i’ll also be explaining how i managed to make it work with both of TravisCI’s linux and macOS environments, which required a somewhat tricky workaround when it came to using cmake, ccache, and xcode at the same time.
this part’s about how i got interested in this problem in the first place. if that’s not what you came here looking for, skip a bit farther down to the next section.
with the upcoming 3.9 release, i recently began looking into SuperCollider’s TravisCI integration. it’s a bit dusty at this point, since previous maintainers have either become active or stopped working on that part of the software. i’ve touched it a few times, and read over the TravisCI docs a bit when i was helping on another project (james bean’s dn-m). i’m no expert by any stretch of the imagination, but i think these types of development tools are incredibly important for a project of this size, so i took it upon myself to check it out.
an important thing to know, if you’re not familiar with TravisCI, is that it supports both linux and macOS environments, and our setup takes advantage of that fact, with two build configurations for linux and one for macOS.
i went line-by-line through our main .travis.yml file – the file that provides overall configuration and build scripts to travis – and through the scripts it referenced. it didn’t take long before i noticed a few points of confusion:
- the language key wasn’t set to “cpp”, so our project was being recognized as Ruby. while this
didn’t cause any major problems, it was a little unsatisfying and, according to the docs, affected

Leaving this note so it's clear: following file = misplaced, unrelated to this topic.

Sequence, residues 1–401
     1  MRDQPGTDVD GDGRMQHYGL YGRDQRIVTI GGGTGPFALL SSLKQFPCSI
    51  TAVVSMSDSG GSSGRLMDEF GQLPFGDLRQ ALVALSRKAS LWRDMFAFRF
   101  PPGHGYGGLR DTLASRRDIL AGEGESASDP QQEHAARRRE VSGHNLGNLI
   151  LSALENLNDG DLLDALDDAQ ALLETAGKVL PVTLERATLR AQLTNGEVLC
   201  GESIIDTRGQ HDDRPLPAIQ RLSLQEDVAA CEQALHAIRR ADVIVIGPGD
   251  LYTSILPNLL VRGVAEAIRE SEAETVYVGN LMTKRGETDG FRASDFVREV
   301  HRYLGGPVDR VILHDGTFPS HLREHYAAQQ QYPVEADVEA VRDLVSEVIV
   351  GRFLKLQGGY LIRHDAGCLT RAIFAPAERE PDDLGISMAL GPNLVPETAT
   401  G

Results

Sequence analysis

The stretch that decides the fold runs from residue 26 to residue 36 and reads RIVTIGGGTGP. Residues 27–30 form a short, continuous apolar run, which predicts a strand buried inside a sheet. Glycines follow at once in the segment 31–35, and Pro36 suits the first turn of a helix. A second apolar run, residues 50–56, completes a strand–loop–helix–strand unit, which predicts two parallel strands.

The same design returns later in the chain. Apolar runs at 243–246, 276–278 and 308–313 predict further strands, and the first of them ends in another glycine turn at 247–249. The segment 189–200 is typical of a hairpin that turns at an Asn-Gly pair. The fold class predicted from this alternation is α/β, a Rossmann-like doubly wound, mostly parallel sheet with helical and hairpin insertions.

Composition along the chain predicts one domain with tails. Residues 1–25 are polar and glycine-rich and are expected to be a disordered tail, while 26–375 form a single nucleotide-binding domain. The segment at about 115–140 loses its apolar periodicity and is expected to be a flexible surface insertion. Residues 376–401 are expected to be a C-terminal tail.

the environment handed down to our builds. the only impact i could see was that our compiler key
– set to
gcc– was being completely ignored, which is fine; that’s already the default on linux builds, and xcode builds are more common among our macOS devs.
- a few environment variables were being set that seemed to have no purpose. removing them from the script and retrying the build confirmed they were zombies. this was a sign to me that it really was a dusty, dusty config, and that i could probably do at least a few things to improve it.
- the cache key was mapped to “bundler” and “apt”, but neither of these seemed to do anything of value. according to the docs, “apt” isn’t a valid key to put there, and our project doesn’t use Ruby at all, so caching bundler (the package manager for Ruby) was similarly pointless. this got me interested in caching, as i’ll discuss soon.
i also used travis’s little linter they designed for linting .travis.yml files. that revealed that someone had mistyped the name of a build stage: “after-deploy” instead of “after_deploy”! it was barely consequential, since all that bit did was echo a single line to the console. but i’m glad i ran it. overall, travis-lint seemed like a nice program, but its output produced a few false-positive warning messages, and according to its github page it has a number of known issues, so i would advise to not take it too seriously.
there are a couple other issues i noticed with our setup that i’d like to tackle in the future, but i focused on one that seemed achievable without too much work: making use of travis’s caching feature.
ccache + TravisCI
one of the features TravisCI advertises for C++ projects is its ability to cache the artefacts of ccache. i actually have to say that i didn’t know anything about ccache before i got to this point, but i’ll definitely be using it for supercollider from now on. in a nutshell, ccache sits at the mouth of your compiler invocations; when it detects that you’re compiling a translation unit that it’s seen before, with settings that it’s seen before, it just spits out the prerecorded “compilation matter”, which includes the target object file and compiler messages along with any warnings. that means you can cache builds even if you completely remove the build directory and start clean, something i frequently do while toying around with cmake configs.
for our two linux builds, using ccache in travis was super easy – all i had to do was add the value
- ccache to the
cache: section of our .travis.yml file. i instantly saw fantastic build time
speedup, which i’ll discuss in a bit. for macOS, the solution was a bit more complicated. travis